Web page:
BURLINGTON—Young basketball players from throughout Vermont and also from throughout New England will be rolling into Burlington soon for both the Vermont and the New England CYO basketball tournaments.
The Vermont tournament will take place March 5-18 at Rice Memorial High School in South Burlington; the 2012 New England CYO basketball tournament will run March 30-April 1 at Rice, Winooski High School, St. Michael’s College in Colchester, Albert D. Lawton School in Essex Junction, Essex Middle School, Miller Center School in Burlington, Burlington Memorial Auditorium, Burlington High School and one other school in the area.
Asked what makes Burlington a good host site, Bruce E. Audette, state CYO director from St. John Vianney in South Burlington, listed Lake Champlain, the Green Mountains and the people.
In the last state tournament there were 34 teams, and Audette expects 35-40 teams in the next.
He anticipates that nearly 70 teams will come to Vermont for the New England Tournament. They will come from the (arch)dioceses of Boston, Bridgeport, Fall River, Hartford, Manchester, Norwich, Providence, Springfield and Worcester.
Asked about the purpose of CYO basketball, Audette quoted the St. John Vianney CYO philosophy: “CYO basketball’s mission is to develop the spiritual, physical and emotional aspects of the total person through good role modeling, teamwork and sportsmanship.’’
Students may participate from grade five through high school.
As he looked forward to another season of CYO basketball, Audette noted his hope “to make sure we all work, focus on why we are here working with youth; we are here to develop the total person, not just to win.“If we are able to make connections with life lessons on the basketball floor with our youth then we have achieved our goals,” he said, “staying positive and keep our vision in front of us.”
For more information, call Audette at 802-865-4326 or visit our website
Saint Francis School celebrates International Night
A pyramid covered with hieroglyphics appeared in 7th grade. A café serving Czech cuisine opened in 6th grade. Wooden shoes and miniature windmills abounded in 1st grade.
St. Francis Xavier School in Winooski celebrated its 12th annual International Night on October 28 and exotic sights, smells and sounds filled the hallways along with an impressive turnout of friends and family.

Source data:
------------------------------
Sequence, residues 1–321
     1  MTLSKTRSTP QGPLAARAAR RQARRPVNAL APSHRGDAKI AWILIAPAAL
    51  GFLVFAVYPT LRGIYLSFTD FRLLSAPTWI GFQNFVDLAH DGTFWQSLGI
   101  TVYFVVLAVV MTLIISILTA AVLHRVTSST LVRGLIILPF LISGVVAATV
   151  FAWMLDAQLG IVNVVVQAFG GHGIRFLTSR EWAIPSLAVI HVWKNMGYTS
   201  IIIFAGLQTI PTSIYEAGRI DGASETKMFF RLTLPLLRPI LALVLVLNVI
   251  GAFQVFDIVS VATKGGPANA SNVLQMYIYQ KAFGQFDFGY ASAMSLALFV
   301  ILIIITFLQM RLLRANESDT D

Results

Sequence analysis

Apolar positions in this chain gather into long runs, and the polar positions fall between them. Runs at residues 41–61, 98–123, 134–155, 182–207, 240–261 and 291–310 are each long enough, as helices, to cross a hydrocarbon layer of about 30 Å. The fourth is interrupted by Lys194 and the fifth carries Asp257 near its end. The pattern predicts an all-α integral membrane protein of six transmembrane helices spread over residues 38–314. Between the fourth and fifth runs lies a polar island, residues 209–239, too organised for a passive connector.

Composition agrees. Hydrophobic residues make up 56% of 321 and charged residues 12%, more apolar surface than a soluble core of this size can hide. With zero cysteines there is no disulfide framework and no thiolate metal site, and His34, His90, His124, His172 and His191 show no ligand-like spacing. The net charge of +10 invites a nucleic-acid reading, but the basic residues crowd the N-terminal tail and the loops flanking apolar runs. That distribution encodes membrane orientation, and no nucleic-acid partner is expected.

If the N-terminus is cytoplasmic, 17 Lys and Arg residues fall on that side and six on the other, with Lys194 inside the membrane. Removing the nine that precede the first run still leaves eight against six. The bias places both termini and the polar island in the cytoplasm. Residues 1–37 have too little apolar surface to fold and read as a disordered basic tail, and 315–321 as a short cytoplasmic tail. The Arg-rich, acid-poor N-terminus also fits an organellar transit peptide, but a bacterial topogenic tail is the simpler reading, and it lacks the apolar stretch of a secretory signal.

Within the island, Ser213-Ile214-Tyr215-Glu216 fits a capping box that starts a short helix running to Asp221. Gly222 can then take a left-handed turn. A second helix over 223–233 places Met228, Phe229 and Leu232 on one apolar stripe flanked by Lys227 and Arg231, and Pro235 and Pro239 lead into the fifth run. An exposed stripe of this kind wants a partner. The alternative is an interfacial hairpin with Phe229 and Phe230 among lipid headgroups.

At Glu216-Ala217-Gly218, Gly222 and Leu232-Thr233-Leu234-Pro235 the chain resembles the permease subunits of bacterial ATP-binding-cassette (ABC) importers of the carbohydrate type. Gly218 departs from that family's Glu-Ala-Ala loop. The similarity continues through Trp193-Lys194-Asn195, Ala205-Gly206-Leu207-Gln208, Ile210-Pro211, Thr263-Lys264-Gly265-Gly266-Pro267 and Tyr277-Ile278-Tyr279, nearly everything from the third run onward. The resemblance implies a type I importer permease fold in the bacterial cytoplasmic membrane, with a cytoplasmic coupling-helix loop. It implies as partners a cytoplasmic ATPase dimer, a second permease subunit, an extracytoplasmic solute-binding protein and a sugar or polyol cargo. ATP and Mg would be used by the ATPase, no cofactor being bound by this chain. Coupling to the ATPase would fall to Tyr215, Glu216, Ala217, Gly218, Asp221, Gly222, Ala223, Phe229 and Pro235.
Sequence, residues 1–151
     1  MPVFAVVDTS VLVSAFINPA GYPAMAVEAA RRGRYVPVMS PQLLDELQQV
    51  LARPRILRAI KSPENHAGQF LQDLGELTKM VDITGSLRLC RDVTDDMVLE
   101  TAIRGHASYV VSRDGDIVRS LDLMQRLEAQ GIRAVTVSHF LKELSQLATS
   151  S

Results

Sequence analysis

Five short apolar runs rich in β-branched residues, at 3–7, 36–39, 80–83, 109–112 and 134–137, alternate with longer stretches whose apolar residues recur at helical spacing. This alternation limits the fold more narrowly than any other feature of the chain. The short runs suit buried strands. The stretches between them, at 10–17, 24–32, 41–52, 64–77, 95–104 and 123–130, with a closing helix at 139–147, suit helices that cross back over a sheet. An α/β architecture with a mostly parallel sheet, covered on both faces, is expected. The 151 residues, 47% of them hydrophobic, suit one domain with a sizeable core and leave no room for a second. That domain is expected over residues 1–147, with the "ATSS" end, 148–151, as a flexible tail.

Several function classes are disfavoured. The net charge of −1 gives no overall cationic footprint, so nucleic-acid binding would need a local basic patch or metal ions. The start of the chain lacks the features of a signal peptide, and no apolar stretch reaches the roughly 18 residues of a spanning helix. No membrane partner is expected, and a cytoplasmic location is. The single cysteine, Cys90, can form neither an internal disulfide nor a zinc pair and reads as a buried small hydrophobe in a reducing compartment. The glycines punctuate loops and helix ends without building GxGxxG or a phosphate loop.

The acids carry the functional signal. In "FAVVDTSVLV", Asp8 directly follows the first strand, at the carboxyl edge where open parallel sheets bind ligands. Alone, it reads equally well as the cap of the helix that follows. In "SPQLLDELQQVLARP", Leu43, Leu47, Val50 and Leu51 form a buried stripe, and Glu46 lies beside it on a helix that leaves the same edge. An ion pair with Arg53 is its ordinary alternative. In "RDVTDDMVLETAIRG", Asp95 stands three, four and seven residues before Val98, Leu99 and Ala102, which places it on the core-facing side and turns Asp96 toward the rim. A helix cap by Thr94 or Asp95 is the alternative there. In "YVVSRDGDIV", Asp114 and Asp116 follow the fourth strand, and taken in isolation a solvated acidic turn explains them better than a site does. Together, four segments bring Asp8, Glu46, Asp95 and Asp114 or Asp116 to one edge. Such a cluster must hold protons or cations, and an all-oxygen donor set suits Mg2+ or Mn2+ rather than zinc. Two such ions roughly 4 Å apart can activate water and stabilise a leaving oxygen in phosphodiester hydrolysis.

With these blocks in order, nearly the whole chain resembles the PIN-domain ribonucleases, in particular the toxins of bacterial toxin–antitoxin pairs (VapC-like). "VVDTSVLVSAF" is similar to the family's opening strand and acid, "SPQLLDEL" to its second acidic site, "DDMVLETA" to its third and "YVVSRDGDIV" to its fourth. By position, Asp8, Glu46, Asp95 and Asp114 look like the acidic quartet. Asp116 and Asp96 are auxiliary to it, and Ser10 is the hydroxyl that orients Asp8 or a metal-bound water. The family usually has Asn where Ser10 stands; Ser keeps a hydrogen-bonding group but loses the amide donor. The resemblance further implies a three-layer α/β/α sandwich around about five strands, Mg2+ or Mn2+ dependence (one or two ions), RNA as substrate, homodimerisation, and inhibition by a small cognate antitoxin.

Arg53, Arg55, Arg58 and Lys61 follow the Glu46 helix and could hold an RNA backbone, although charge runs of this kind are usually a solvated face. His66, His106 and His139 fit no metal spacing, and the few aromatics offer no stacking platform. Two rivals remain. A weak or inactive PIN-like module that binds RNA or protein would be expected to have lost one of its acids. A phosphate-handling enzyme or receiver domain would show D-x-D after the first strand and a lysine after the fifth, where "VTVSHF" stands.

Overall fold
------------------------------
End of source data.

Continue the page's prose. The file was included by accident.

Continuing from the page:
‘‘This is one of our most popular events,” said Principal Jesse Gaudette. “Many of our alumni make an effort to return to the school for International Night because they know they’ll see many of their old friends, but also, quite honestly, because they know there will be some wonderful food to sample in every room.”
Each grade chooses a country to study and preparations begin weeks before the actual event. Students, working in teams and individually, prepare reports on their country’s government, history, economy, culture, religions and languages. Written reports are provided to the teachers and oral reports are presented to visitors.
Classrooms are decorated with flags, reproductions of distinctive artwork or architecture and images associated with the particular country. Many students are attired in their particular country’s national colors or native costumes. In 3rd grade, a beautiful mural of Scotland’s countryside, including a frolicking Loch Ness monster, dominated the classroom. First grade students created their own versions of Vincent van Gogh’s “Starry Night” as part of their work on the Netherlands. A six foot high portrait of the god Anubis decorated the display on ancient Egyptian deities in 7th grade along with the giant pyramid.
And, of course, there were culinary delights in every classroom. Starting with the apple pie served up in pre-kindergarten’s U.S.A. to the hugely popular chocolate fountain surrounded by fresh fruit in the 8th grade’s Australia, visitors had many treats to choose from. A professional chef, a friend of a 6th grade parent, served up delicious Czech cuisine that had a crowd lined up outside the classroom all night.
“This is a tremendous learning experience for our students and it culminates in a festive gathering for our extended school community, said Mr. Gaudette. “Often a class chooses a particular country to study because one of the students or the teacher has a personal connection to that country. Families join in the preparations, sending in photos, clothing, and artifacts passed down from past generations. The students end up learning more not only about the country they are studying, but about one another, too.”
Founded in 1862, Saint Francis Xavier School will be celebrating its 150th anniversary in 2012. The school currently serves 220 students from 18 towns and cities in northwest Vermont.
COLCHESTER—Ed McGuire and Joann Flynn will present a talk on Irish genealogical research at the Vermont Genealogy Library on Saturday Nov. 19, from 10:30 a.m.-noon. The talk will cover basic issues in researching Irish genealogy both in the United States and Ireland. They will also demonstrate the use of the resources in the library and in online databases as well as provide some personal examples.
The library is on Hegeman Avenue in Fort Ethan Allen, across from the Vermont State Police building. Donations are appreciated for the class.
The library is open for research on Saturdays from 10 a.m.-4 p.m. and Tuesdays from 3-9:30 p.m.
For more information go to www.vt-fcgs.org or call 238-5934.
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